Suite of four Chandeliers from The Drapers’ Hall, Coventry

Suite of four Chandeliers from The Drapers’ Hall, Coventry


Suite of four Chandeliers from The Drapers’ Hall, Coventry:
hung in the the grand ballroom of The Drapers Hall, which had a specially designed air circulation system; the chandeliers each with twelve candle branches with petal-edged glass cups and pans, bell flower pendants and rosettes; dressed with hangers of square prisms and ‘waterfall’ pendants;
Circa 1840 and restored.

Height: 50" - 127.0cm
Width: 38" - 96.5cm
Glossary Words

'waterfall' pendants

Long rule-cut pendant giving the impression of a waterfall; mainly used for lustre candlesticks.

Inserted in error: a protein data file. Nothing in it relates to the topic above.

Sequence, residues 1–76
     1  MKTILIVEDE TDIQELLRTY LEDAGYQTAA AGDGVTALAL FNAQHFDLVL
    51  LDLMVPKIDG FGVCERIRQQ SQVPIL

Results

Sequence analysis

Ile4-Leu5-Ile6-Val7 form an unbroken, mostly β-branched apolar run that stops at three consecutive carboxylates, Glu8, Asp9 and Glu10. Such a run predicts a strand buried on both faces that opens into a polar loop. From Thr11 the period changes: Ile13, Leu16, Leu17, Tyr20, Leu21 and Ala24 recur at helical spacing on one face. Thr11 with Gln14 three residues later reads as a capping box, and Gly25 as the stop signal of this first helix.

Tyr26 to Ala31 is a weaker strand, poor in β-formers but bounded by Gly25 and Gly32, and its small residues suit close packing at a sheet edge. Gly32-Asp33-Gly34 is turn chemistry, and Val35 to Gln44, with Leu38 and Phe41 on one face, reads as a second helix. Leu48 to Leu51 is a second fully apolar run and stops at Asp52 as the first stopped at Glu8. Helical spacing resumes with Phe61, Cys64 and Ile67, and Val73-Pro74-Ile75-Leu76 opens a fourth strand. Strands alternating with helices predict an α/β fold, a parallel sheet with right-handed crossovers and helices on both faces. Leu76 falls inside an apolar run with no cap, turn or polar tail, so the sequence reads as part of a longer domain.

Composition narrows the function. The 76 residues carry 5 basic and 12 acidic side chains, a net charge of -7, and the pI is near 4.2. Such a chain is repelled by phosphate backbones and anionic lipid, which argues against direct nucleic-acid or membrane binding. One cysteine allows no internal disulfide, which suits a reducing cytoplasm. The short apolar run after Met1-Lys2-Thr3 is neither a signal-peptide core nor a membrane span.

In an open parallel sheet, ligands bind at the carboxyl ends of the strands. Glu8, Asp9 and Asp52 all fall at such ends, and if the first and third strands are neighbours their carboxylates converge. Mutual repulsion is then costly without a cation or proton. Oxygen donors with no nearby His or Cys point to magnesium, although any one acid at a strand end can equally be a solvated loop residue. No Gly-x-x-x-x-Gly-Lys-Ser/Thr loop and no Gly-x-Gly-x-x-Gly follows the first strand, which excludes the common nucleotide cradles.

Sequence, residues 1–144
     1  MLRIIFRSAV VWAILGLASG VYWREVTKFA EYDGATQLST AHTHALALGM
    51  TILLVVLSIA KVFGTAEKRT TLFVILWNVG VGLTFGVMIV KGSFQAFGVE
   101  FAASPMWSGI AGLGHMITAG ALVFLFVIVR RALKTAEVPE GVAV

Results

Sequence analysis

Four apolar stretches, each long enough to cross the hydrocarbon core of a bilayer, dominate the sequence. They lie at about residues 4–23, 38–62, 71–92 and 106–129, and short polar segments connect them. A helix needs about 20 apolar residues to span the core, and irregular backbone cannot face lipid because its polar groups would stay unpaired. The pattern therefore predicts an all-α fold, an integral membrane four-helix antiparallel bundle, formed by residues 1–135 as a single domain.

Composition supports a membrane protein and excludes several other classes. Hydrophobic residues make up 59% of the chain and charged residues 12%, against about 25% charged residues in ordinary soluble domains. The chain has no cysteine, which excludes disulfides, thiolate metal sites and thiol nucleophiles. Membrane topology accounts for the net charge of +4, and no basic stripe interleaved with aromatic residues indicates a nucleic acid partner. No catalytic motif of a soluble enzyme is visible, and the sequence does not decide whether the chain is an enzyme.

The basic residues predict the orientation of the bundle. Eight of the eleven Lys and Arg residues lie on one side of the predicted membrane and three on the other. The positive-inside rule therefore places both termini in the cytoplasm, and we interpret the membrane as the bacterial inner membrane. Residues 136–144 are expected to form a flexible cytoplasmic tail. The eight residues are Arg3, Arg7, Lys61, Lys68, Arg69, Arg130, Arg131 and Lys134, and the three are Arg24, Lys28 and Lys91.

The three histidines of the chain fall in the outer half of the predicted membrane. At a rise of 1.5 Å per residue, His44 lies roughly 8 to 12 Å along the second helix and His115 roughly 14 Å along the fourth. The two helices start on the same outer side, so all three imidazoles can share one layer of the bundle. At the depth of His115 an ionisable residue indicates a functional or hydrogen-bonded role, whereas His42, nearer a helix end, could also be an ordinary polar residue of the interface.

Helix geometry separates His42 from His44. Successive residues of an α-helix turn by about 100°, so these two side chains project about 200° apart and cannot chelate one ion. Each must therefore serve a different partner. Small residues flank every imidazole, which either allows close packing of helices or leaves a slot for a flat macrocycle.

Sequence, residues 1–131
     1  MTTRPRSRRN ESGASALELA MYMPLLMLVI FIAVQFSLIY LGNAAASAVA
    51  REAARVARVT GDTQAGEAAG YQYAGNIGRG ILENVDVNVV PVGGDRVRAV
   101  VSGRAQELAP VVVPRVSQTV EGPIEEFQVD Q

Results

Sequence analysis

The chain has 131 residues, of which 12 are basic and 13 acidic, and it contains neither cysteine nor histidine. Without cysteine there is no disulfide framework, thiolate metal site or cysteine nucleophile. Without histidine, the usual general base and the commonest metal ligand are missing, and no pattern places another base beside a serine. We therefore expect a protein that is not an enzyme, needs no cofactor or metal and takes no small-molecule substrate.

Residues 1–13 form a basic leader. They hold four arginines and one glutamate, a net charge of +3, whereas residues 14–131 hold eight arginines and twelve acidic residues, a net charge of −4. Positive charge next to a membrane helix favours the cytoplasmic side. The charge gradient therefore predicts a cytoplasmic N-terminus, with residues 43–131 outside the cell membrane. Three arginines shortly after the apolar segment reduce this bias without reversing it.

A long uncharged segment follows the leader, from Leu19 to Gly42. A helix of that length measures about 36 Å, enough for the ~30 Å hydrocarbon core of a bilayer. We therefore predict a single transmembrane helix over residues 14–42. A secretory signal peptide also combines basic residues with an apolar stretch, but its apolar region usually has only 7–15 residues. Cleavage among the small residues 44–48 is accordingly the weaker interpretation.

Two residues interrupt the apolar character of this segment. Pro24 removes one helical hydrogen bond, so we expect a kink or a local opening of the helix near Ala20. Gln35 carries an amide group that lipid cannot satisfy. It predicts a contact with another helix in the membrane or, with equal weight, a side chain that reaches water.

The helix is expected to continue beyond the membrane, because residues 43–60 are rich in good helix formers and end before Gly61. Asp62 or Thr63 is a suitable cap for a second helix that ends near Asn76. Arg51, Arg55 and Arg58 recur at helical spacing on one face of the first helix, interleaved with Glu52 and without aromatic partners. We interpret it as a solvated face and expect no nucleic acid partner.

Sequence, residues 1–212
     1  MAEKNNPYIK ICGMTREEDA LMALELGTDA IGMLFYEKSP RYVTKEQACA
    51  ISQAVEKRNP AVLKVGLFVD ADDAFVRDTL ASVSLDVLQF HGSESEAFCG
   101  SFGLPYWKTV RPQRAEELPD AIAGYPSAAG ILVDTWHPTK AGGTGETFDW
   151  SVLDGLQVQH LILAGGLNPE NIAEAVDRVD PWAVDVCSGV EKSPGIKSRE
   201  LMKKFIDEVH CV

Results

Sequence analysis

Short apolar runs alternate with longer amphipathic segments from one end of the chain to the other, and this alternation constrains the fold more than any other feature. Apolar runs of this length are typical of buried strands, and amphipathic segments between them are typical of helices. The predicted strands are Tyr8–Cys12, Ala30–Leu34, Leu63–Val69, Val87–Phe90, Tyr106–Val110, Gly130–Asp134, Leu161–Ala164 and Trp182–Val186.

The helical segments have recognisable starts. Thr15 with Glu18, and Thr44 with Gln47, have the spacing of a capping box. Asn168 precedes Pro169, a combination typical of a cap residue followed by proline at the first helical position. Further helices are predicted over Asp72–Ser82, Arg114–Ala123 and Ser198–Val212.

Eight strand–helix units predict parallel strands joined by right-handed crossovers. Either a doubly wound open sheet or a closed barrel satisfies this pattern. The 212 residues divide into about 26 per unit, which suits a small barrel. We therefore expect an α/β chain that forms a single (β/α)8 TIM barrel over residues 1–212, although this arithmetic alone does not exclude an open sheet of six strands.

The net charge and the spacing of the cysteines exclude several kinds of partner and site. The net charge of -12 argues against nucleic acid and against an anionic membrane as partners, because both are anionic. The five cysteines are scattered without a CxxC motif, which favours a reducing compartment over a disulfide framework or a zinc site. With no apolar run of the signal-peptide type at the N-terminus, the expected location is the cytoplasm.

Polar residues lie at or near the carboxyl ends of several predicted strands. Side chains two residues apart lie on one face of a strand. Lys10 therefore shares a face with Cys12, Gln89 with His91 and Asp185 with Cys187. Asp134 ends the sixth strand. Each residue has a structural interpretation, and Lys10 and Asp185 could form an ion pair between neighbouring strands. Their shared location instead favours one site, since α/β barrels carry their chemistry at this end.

Named after the Prince Regent, later George IV, circa 1810 to 1830, the term is also used more widely to describe the prevailing English neo-classical style between the 1790s and 1840. In lighting, they used multiple cut-glass prisms to achieve as many reflections as possible such as 'double-stars' and 'icicles'. Two chandelier designs typical of this period are the colza oil dish light and the balloon-shaped chandelier with graduated chains of prisms.
Further Information
The Drapers’ Hall was to a design in 1832 by Thomas Rickman, in the Greek Revival style. The Chandeliers were hung in the grand Ballroom which was richly decorated with Adam’s style plasterwork, tall mirrors and a musicians’ gallery. Archival photograph of 1925 shows two of the chandeliers. In the early twentieth century, the chandeliers had the arms removed to appear more ‘modern’.

The photo shows the musicians gallery, classical pilasters and ornate fireplace with mirrored overmantel.

Gas fittings were supplied by the well-known company, Thomas Messenger & Sons of Birmingham.

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